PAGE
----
In my previous house, I was on a wooden floor and that did create different challenges. I actually wall mounted my (smaller) speakers for that house on stainless steel wall brackets I had made and were bolted into the stone walls. Then sat those speakers on the brackets on a layer of clear silicon. Again, I felt no vibration or interaction with the wall and those speakers. If you have floor standers on a wooden floor, then experiment with heavy stone plates and some form of decoupling like sorbethane or neoprene. I am not in favour of fancy turned aluminium feet with tiny layers of 'some other' material for a form of decoupling. It won't contain the energy in big speakers, impossible. Better going big a bold, mass and size to do that IMO.
The tricky part is getting the amount of absorption right for the setting and environment. Too much may reduce focus and damage the stereo image 9soggy effect). I think go cheap, and try various ideas. Best way IMO, and don't get sucked into 2K footers! Pic below of my Granite stands. The box sides are 4 sided granite with expanding foam infill. There is a 3cm gap between the base of the speakers and the top of the granite. They 'rock' slightly if I push the top of the speaker, within 2 seconds it goes back to dead still. Seems to work fine.
Not wanting to open this up much, but I would comment I don't believe in Glass shelving. Even laminated glass (3 panel laminated) is not acoustically dead. If any vibration happens in a shelving system, it will impact sensitive gear such as a CDP, DAC or Tube pre-amplifier. And a turntable even worse of course. I used granite shelving attached to the strong steel sand filled wall mounted system and absorbing feet under my gear (not coupled). Seemed to work ok, and again was cheap to do. A metal working shop can make them cheap to a scale drawing.
I've been having some very enjoyable private conversations over the last few months with Barry (Barry2013) regarding the effects of racking and more recently isolation. I am sure Barry can speak for himself but I also sure he and I have a similar take on the subject. They both make a potentially significant difference and I am not really certain you simply say one is going to be less (or more) important than the other. Thus the short answer in my view is that one needs both.
Barry's equipment and racking is vastly superior to mine, however we have both observed how a good rack is a critical foundation to what follows. To my way of thinking, it would be folly to audition footers without getting the racking sorted out first. Afterall, the racking serves a practical purpose of housing the equipment, so there are many logistical and practical issues to resolve when considering which racking systems might be suitable. Racks will definitely change the sound of a system (hopefully for the better), however unlike footers, one needs to factor in far more than just sound when selecting a rack. Therefore, one should purchase the best rack they can afford that serves the practical purposes of housing the system (and with a goal of good sound in mind), then move on to footers in order to fine-tune the sound.
Of course, there are racks and then there are racks - many of the higher end ones already have extensive (and expensive) isolation features built into them, however I'd suggest very few racks out there at any cost can do as good a job as a very good rack together dedicated, high quality, third-party, purpose-built footers.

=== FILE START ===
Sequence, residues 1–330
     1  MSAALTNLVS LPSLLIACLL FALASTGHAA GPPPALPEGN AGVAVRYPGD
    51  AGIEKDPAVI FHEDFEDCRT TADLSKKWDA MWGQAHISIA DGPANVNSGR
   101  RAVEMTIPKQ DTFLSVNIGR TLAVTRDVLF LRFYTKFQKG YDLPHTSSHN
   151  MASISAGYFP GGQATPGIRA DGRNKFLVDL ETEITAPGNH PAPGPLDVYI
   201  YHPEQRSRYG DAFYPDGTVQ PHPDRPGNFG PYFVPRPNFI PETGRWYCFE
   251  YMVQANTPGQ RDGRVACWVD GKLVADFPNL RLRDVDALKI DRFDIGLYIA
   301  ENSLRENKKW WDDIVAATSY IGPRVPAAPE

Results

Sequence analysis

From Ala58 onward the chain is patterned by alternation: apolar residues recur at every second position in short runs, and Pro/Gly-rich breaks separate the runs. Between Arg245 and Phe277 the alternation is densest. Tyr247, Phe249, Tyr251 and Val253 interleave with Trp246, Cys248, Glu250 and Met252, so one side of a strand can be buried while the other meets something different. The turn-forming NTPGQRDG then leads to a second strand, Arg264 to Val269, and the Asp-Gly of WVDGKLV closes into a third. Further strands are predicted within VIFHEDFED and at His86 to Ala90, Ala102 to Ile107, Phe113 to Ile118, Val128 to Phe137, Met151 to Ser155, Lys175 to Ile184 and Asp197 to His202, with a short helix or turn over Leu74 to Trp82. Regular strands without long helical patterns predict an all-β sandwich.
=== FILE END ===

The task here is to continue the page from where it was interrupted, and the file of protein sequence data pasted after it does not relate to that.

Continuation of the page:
I have likened footers to violin strings. There is no such thing as a perfect violin and there is no such thing as a perfect hifi component, let alone a perfect hifi system. The multifarious violin string products available today are used to fine-tune the sound of a violin, mitigate the instrument's weaknesses, play to the instrument's strengths and provide a consistent "feel" to the player. It is exactly the same with footers. I've been experimenting this last few weeks with admittedly budget solutions, but all of them had different strengths and weaknesses, though I thought it was somewhat ironic that the one with the greatest strengths and no obvious weaknesses at all was the cheapest solution I tried (Project "Damp-it" of all things!).
One won't even find terribly much agreement amongst the manufacturers of what footing methods work the best. There is a school that subscribes only to damping (using softer, compliant materials), then there is a school that subscribes to mechanical isolation and "drainage" (Symposium Rollerblocks, for example) and then there are solutions that might be regarded as hybrids, such as Wave Kinetics and the Townshend Seismic Pods. I am sure all of these solutions sound different. That said, it might be relatively easy to measure how well a footer performs, but since many can measure well yet all sound different, the only option is to choose a footer using a subjective listening process. A slightly worse performing footer by measurement may sound subjectively better because it's weaknesses counteract existing weaknesses in the system (which, in my view, start at the power station miles away and don't end until the sound wave hits your eardrum).
So for me - rack first, then audition as many footer solutions as possible. You might happily live with just a good rack, but I am convinced that no matter how good the equipment is, it will still benefit noticeably from a well-chosen footing system.